3. DOESN’T HANDLE CONFLICTS. Ethical Egoism does not provide solutions for conflicts between people. Imagine two people (Ali and Beck) running for president. Both really want to win. We could argue that it would be in Ali’s interest to sabotage Beck’s campaign (as long as Ali wouldn’t get caught). We could argue the same for Beck. It is also in each of their interests to prevent the other person from sabotaging their campaign. Ethical Egoism provides no way to resolve this conflict. If what’s right is to only look out for oneself, wouldn’t it be “right” for both of them to work to sabotage the other’s campaign and “right” for both of them to work to prevent the other person from sabotaging them? Note: This con assumes that we think it’s important for a theory to help us resolve conflicts.


Theoretical Background:

A much criticized philosophy called Ethical Egoism.



EGOISM is NOT a highly respect approach in Moral Philosophy. It can be seen as a type of Consequences approach that only focuses on results for the self. It has some important lessons (see above), but Egoism seems to support doing some terrible things (e.g. cheating, stealing) as long as they benefit the self. Also, why is one of us any more important than others of us? Don’t we all have the capacity to experience happiness as well as suffering? Furthermore, Egoism doesn’t provide solutions for conflicts between people. To be ethical we must look beyond ourselves and consider other approaches like Otter’s CHARACTER, Hawk’s CODE, Wolf’s CONSEQUENCES, and Bear’s CARE.


Next Steps:

1. Remind yourself of the strengths and challenges of your main focus animal/color. This can help you anticipate benefits and identify potential problems down the road. For example, if someone only focuses on the Golden Rule: “How can I treat others how I/they would like to be treated?” (Bear’s Care focus) they may not hold someone accountable for their behavior because they would not want to be held accountable if they were in the other person’s situation, leading to a lack of fairness/justice.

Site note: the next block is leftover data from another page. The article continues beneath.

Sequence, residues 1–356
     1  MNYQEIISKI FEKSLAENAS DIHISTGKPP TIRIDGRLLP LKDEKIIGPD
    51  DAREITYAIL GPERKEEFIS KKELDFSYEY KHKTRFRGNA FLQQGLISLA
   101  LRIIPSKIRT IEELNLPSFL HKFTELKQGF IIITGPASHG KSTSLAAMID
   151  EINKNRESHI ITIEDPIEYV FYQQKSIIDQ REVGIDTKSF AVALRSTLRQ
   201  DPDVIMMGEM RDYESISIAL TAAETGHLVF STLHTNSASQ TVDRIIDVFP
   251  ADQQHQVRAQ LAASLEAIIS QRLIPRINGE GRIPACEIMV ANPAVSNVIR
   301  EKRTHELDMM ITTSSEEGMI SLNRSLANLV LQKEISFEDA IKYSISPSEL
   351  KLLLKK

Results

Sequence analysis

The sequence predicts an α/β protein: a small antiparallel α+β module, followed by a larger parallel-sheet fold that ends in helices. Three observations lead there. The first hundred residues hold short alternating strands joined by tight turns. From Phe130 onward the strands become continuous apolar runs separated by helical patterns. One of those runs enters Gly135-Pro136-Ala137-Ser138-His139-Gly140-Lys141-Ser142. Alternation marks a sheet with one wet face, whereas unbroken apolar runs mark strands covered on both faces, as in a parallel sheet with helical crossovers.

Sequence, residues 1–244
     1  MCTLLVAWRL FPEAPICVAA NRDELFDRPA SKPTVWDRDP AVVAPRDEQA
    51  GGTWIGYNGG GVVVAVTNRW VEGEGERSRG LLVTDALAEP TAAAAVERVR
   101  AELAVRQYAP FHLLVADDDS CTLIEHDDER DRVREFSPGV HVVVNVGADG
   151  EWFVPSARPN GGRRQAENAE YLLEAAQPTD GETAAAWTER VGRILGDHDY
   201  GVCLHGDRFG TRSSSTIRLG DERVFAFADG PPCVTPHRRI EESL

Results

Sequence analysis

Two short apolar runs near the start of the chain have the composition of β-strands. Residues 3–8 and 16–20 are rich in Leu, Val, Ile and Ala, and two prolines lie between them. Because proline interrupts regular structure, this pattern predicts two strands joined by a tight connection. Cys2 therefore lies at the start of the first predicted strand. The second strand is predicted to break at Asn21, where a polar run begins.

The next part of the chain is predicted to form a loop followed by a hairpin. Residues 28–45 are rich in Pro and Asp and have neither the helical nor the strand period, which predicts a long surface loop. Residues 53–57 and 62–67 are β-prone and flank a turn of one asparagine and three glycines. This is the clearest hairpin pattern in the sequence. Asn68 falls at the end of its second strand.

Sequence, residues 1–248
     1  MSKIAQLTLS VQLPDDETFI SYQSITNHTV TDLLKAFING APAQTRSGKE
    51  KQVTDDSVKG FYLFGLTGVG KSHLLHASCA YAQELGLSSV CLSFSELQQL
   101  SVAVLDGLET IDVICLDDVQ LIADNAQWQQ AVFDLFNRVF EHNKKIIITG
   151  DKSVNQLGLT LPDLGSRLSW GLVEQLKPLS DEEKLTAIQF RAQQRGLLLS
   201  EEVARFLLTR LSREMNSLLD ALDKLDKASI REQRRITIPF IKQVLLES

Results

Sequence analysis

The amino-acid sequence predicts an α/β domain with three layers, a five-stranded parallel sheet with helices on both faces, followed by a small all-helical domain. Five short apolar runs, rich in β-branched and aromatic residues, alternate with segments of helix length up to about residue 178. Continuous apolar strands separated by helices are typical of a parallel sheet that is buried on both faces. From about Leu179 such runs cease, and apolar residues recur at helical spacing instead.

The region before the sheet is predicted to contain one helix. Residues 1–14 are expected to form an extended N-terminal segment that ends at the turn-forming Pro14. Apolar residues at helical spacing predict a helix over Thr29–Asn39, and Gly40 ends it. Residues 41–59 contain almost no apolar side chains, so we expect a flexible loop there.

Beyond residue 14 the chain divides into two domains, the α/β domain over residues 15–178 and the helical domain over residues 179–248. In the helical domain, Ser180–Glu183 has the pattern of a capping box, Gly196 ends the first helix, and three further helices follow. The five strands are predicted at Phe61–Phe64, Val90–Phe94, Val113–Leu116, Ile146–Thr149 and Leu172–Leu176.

2. Pick at least one other focus area (another animal/color) to read more about (see take5.gmu.edu/animals/). This can help you to better understand the strengths and challenges of different decision-making strategies. It can also help you to see the benefits of uniting the focus areas, since the different focus areas can build off of one another’s strengths and counteract one another’s challenges. This is why we say “Unite to light the way.”

3. Use the Take5 card (take5.gmu.edu/ethics-card/) to help you make well-balanced decisions (individually, and in groups). This card is practical, and action focused. Print it out or email nlennon@gmu.edu to request a card. Research shows that we all need reminders to make more ethical decisions.

4. Request a workshop. Email nlennon@gmu.edu to request a workshop to better understand these ideas and resources.



To better understand this focus area, see the PDF Handout.


Overall Conclusion about the focus areas of the animals (and mirror):

The Otter, Hawk, Wolf, Bear and Elephant represent very respected views from moral philosophy. We recommend combining the views of these 5 animals to balance out their strengths and weaknesses. For some tips on how to do this, please see the ethicspectrum page.

For George Mason University community members who would like to learn more, the Leadership Education and Development Office (LEAD) offers workshops and other programs on ethics and leadership topics. The workshop that directly addresses the ethics and leadership topics discussed on this website is called: “What Would You Do? Making Tough Ethical Choices.” Please see our general page at lead.gmu.edu or our workshop request page.